‘I just want to win the lottery.’
I’ve heard that crie de Coeur from clients many times before when I’ve posed the question ‘What would it take to make you happy?‘ It generally comes in response to working on the coaching wheel of life in the area relating to money.
The wheel I use divides life into eight significant areas; work, money, health, partner, family, friends, learning and environment. It’s a very useful and a very visual way of assessing if your physical and emotional needs are being met from your current lifestyle and a useful indicator too of what it would take for you to live your best life.
‘I just want to win the lottery’ is, of course, an answer that needs unpicking and begs the more specific and appropriate enquiry:
‘If you had all the money, all the resources, all the energy and all the time, and failure was simply not a possibility, what is the life you would be living that would make you happy?’
Think about that question for a while, or better still, close your eyes and imagine if you could live your best life. Allow yourself to dream.
As children, were in our imagination much of the time. Magical thinking made anything a possibility.
Who hasn’t jumped from the sofa, arms spread wide and fully expected to fly?
Or waited for the clock to strike 13, or climbed into an old-fashioned wardrobe looking for the secret panel that would reveal a world beyond, or hunted the garden for fairies and elves?
No? …..Just me then.
What were your childhood dreams and when did you stop dreaming them? Did you want to be a singer, a ballerina, and airline pilot or a spaceman?
When did you box up those dreams and put them on a shelf somewhere to simply gather dust? When did you disconnect with the sense that absolutely anything was possible…. and who persuaded you to do that?
Tales of the past can convey much wisdom and insight for the future. The old story of Nasrudin and the strange bird says a lot about social conditioning, conformity, stereotyping and prejudice. It is a tale with a significant sub text:
Nasrudin found a weary falcon sitting one day on his window-sill.
He had never seen a bird like this before.
“You poor thing”, he said, “how ever were you to allowed to get into this state?”
He clipped the falcon’s talons and cut its beak straight, and trimmed its feathers.
“Now you look more like a bird”, said Nasrudin.
There’s something unsettling about the well-intentioned but dangerous actions of Nasrudin which convey a much larger message for our society where those who find themselves in positions of power often lack wisdom and insight. Sadly, it is possible to look without actually seeing.
With a heady combination of arrogance and ignorance, Nasrudin endangers the very bird he thinks he is trying to help. Without its talons, the bird cannot catch its prey. With its straightened beak, it cannot eat.
With its feathers trimmed so it looks, more like his idea of what a bird should look like…the bird cannot now even fly.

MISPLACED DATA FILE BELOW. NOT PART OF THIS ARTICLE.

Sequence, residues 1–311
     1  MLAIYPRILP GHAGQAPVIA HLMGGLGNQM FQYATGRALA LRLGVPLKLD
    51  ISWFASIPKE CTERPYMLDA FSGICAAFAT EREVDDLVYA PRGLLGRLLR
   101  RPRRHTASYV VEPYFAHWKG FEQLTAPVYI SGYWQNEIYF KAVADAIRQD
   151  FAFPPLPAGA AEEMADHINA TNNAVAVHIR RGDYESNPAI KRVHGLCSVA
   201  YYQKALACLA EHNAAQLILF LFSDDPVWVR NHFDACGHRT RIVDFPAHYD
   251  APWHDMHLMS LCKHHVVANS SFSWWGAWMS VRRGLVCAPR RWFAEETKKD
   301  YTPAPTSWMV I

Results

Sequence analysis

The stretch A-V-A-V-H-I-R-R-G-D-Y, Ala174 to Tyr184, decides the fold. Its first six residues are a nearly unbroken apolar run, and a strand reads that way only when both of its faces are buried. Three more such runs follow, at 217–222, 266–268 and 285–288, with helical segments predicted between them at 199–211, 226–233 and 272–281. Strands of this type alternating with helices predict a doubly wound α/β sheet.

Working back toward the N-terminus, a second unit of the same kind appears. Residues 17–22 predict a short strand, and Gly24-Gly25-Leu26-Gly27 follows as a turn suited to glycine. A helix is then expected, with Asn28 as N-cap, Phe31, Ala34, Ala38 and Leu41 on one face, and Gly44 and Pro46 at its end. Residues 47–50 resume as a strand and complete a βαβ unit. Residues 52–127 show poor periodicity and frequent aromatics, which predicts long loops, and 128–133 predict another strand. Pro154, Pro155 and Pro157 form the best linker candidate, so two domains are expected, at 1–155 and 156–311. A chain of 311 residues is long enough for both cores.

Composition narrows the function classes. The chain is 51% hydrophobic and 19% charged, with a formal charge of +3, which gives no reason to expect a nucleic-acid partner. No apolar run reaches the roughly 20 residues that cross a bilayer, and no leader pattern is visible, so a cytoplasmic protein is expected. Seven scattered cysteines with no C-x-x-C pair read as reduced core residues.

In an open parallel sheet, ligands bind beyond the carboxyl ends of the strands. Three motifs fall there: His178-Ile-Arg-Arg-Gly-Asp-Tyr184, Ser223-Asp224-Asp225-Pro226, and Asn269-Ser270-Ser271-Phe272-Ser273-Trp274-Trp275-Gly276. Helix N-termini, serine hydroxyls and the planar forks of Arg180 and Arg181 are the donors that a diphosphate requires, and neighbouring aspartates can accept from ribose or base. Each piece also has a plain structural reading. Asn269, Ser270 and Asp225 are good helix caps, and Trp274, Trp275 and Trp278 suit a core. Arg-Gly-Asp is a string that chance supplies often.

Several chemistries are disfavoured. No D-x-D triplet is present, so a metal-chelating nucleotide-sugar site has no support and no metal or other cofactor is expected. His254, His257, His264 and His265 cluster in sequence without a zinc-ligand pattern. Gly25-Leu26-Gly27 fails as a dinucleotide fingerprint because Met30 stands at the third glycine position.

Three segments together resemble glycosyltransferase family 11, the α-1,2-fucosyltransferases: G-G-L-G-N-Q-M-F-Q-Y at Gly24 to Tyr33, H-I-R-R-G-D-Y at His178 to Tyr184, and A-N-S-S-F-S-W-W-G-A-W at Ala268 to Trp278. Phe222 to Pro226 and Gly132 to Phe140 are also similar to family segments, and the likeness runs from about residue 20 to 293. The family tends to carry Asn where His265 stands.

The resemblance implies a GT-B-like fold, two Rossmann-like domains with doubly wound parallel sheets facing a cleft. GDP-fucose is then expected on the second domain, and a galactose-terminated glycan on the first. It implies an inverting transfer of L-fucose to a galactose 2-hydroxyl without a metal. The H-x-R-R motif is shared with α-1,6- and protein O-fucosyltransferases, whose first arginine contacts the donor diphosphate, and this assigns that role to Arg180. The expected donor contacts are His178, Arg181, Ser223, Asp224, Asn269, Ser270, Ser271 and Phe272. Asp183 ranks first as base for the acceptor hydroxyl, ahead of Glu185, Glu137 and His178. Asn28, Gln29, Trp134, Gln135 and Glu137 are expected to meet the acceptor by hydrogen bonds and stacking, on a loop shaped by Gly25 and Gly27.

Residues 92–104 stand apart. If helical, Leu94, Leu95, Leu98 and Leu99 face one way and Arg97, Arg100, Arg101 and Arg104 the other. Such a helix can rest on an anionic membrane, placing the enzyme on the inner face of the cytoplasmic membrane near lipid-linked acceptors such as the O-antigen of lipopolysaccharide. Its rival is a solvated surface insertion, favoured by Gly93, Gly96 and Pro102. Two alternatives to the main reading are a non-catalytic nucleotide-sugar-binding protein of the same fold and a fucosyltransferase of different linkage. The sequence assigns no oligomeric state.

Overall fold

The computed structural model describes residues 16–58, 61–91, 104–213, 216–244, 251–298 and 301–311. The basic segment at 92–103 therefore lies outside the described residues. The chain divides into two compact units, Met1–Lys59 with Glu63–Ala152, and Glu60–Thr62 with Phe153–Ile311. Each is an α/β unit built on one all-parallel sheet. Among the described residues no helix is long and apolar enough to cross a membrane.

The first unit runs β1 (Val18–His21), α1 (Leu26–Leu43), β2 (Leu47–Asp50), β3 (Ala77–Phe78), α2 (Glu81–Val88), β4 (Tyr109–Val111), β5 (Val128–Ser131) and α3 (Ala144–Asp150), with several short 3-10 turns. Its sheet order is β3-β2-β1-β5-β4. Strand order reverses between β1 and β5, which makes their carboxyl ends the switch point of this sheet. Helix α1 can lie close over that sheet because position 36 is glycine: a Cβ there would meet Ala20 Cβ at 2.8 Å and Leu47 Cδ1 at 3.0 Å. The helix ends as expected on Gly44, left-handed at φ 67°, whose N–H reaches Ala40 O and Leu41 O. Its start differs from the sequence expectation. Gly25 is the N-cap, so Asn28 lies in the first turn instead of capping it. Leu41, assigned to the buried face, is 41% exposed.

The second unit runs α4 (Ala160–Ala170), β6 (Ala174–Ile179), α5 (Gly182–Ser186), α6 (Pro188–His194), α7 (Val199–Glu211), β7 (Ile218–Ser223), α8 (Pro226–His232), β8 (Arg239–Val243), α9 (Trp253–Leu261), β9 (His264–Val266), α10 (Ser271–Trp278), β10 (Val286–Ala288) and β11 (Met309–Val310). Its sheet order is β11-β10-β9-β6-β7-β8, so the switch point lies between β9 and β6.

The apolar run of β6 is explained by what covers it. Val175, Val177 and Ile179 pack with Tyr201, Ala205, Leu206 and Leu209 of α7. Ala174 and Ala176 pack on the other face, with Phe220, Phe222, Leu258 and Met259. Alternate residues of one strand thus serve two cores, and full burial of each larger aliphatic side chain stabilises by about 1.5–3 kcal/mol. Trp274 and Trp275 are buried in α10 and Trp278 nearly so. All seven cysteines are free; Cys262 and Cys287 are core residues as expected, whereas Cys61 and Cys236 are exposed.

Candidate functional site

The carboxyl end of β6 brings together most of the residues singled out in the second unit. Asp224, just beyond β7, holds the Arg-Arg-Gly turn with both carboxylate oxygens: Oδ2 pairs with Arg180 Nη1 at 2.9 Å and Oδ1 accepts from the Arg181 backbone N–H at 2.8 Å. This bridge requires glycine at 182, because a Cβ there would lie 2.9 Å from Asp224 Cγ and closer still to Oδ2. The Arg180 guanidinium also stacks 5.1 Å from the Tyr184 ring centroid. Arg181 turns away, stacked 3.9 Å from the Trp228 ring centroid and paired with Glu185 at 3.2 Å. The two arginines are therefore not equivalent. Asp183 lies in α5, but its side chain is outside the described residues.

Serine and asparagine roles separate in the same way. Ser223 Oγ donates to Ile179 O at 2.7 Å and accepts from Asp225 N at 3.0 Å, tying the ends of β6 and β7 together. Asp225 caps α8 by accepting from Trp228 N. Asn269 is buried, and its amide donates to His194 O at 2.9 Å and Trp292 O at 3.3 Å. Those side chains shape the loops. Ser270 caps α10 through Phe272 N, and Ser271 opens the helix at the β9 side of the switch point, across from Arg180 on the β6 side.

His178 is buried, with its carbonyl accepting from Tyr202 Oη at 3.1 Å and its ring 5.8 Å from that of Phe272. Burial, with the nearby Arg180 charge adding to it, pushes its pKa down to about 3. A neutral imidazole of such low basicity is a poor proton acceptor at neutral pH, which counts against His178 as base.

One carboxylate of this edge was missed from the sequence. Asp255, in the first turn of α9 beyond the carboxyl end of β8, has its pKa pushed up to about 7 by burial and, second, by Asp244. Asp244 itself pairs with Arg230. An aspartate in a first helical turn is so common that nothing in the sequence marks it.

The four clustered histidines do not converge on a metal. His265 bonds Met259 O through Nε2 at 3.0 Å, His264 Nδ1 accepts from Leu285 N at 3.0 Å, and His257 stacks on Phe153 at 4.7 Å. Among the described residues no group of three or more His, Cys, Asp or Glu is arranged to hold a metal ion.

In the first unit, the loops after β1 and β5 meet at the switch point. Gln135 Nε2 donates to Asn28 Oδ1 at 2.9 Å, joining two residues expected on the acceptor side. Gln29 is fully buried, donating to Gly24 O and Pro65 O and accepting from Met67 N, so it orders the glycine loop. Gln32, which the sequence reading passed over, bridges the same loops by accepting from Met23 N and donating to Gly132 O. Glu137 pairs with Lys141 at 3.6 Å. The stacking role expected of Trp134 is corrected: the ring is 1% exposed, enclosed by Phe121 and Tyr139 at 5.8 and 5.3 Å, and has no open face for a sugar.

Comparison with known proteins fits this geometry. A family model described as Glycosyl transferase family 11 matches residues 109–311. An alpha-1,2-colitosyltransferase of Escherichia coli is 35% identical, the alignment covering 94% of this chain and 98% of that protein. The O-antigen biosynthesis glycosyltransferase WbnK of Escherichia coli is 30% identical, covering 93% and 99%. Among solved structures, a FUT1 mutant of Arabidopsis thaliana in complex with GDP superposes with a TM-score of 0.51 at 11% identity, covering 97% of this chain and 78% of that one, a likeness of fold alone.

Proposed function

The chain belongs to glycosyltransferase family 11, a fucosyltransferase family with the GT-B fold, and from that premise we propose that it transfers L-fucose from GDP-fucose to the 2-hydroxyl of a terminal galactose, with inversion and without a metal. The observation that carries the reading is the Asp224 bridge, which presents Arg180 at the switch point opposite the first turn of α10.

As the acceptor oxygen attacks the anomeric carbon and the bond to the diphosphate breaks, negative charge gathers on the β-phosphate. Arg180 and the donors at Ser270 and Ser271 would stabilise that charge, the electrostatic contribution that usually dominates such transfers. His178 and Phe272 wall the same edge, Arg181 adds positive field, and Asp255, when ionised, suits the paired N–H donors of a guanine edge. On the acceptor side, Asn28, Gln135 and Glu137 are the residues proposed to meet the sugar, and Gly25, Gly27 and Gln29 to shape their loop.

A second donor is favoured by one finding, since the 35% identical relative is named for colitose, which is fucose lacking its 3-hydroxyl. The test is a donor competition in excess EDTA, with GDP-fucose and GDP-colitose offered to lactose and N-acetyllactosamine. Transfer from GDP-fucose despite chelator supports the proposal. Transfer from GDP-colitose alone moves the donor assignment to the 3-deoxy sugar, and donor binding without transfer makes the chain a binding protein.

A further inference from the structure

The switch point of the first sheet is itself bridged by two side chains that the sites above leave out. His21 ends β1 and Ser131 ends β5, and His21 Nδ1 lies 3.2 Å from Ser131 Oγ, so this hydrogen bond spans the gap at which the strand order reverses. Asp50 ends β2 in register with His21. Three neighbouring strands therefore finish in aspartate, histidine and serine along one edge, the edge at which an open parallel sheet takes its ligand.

Disabled and confined by imposed conformity, the formerly powerful bird must now remain dependant upon Nasrudin….. or die. It has lost its autonomy.
Our wings are clipped
American psychologist, Carl Rogers observed, ‘the newborn baby does not enter this world estranged from itself. The socialising process ensures that happens along the way.’
When I was eight years old, the teacher asked our class what they wanted to be when they grew up.
My hands shot up straightaway.
‘Yes Frances,’ said the teacher, ‘What do you want to be?’
‘A princess.‘ I replied, much to the obvious amusement of the teacher.
Viewing the small, knobbly kneed, be-speckled child in the oversized, hand knitted jumper, I can now understand her response. Understand it, yes, but not accept that it was not the right response.
For, in that moment, my wings were clipped. I received a clear, if unspoken, message that, for me, wanting to be a princess was unacceptable.
What my teacher might more helpfully have asked me was what is it about being a princess that appealed to me.
The eight-year-old would probably have replied, ‘living in a castle, marrying a handsome prince and being able to do anything I want to do.’
Now, viewed through older, wiser eyes, I would make the observation that the eight-year-old’s innate guidance system was driving her to imagine her very best life with a lifestyle that would meet her needs for security, attention, fun, family, friends, emotional intimacy, status, privacy, achievement, control and engagement with life.
As a child, I was raised on a diet of traditional fairy tales. My favourites were stories where beautiful princesses overcame enormous dangers and difficulties to meet their handsome prince and live happily ever after.
Today that pattern continues to be a key driver for what I do and it’s probably no coincidence that the Fusion strap line is;
Feel your best. Be your best. Live your best life.
So, did I overcome dangers and difficulties to meet my handsome prince and live happily ever after?
You’ll have to ask my husband….
*Shah, Idries (1985) The exploits of the Incomparable Mulla Nasrudin
& The subtleties of the Inimitable Mulla Nasrudin. London: Octagon Press